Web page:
I agree and disagree with the review. Clearly William Langewiesche is taken by the Airbus design philosophy of flght envelope protection which has not been embraced by Boeing. That aside I enjoyed "Fly By Wire" enormously. The philosophical discussion regarding envelope protection will, I expect, go on for many generations and without a clear resolution one way or the other. I for one never flew the A-320 much to my regret. By the time I was eligible seniority wise I was to close to retirement so the company paid me A-320 rates to remain on the DC-9. In Langewiesches' book I liked his inclusion of the role of Bernard Ziegler, the Airbus engineer, who played in the scenario even in as sense on the final approach to the Hudson. I found the book well written and well researched. One can argue about the two philosophies, Boeing's and Airbus', add infinitum and I agree do with Shipman's comments about experience and skill. That will never change. But Sullenburger and Skiles did an outstanding job in the cockpit or this accident would have had a very different ending. I agree with Shipman about the chapter on migratory geese which I found superflous. All in all I give Langewiesche and "A". He's a good writer and it shows. For those with aviation background the book is a great read nd for those without it's still a good read.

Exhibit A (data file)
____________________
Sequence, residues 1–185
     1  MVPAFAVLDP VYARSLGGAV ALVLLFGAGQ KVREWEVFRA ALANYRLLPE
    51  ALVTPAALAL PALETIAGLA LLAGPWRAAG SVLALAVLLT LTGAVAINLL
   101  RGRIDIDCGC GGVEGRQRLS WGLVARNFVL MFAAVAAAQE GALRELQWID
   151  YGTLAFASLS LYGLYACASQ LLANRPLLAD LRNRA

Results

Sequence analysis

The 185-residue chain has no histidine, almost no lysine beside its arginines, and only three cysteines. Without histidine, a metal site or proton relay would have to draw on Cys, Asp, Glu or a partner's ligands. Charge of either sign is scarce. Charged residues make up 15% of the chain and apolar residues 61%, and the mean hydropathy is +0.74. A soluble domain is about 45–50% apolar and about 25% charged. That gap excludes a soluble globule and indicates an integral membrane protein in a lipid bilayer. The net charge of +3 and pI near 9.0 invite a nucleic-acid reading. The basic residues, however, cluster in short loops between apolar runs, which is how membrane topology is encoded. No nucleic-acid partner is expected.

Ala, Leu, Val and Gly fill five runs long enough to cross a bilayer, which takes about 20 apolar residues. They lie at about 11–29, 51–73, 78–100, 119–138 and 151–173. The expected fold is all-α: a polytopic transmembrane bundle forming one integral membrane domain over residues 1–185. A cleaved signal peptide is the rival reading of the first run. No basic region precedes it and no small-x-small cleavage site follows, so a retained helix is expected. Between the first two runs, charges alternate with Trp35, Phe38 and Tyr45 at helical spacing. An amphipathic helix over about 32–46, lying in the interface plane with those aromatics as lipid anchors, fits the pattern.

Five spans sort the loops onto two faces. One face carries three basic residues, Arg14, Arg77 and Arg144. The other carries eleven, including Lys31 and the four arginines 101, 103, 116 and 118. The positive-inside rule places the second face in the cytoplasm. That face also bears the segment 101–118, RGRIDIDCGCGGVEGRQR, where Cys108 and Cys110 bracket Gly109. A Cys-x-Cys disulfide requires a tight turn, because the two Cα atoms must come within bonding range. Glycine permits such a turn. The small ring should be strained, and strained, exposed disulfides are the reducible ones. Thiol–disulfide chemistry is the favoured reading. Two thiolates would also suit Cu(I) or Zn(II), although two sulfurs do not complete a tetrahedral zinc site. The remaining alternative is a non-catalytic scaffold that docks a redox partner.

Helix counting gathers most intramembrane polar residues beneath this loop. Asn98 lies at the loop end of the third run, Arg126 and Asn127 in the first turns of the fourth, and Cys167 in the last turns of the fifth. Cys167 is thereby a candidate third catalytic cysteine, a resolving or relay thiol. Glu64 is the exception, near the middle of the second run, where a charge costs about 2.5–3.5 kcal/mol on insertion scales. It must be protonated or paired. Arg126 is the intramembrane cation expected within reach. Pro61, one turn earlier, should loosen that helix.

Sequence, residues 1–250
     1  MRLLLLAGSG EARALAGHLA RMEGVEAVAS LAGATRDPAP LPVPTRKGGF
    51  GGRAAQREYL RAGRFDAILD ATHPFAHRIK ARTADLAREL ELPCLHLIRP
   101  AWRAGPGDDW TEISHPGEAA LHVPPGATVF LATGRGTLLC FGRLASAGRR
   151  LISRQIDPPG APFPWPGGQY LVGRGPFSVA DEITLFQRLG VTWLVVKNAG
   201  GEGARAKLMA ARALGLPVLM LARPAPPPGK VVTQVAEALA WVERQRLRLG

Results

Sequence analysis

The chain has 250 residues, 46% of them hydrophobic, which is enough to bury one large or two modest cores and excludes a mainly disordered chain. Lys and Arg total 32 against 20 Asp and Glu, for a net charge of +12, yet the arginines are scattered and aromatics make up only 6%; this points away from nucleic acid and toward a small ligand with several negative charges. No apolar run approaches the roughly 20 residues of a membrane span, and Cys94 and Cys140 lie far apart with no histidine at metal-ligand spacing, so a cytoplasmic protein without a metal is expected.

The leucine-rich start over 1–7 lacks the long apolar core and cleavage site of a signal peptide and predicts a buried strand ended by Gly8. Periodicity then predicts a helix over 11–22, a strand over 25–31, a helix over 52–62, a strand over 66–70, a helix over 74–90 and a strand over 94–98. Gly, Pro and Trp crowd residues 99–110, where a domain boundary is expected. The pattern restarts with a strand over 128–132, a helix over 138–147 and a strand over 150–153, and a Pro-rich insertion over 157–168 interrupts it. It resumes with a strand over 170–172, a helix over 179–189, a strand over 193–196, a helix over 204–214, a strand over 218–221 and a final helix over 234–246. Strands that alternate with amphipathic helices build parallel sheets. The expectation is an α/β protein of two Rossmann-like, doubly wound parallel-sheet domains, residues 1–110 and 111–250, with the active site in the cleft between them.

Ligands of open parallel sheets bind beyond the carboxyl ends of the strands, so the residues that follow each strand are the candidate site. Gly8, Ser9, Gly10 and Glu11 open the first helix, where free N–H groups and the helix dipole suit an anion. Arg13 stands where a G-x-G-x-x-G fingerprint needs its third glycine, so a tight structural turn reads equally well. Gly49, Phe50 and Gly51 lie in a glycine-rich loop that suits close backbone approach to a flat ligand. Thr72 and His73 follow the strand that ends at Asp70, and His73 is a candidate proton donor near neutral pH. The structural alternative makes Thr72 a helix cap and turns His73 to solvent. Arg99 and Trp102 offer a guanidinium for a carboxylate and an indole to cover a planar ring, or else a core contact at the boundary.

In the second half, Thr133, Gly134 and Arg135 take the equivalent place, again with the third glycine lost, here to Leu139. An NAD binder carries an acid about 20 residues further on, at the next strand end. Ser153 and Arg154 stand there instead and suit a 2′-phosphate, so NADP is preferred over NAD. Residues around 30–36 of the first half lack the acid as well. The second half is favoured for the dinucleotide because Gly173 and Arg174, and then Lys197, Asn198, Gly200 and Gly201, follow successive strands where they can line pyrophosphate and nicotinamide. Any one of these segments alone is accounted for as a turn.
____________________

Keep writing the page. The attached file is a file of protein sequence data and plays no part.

Captain (Ret) Roger H Waldman
Langewiesche's description of the flight from the point of impact of the geese until touchdown on the Hudson had me rivited to the pages. I felt as though I was in that cockpit. That's the mark of a good writer who knew his subject.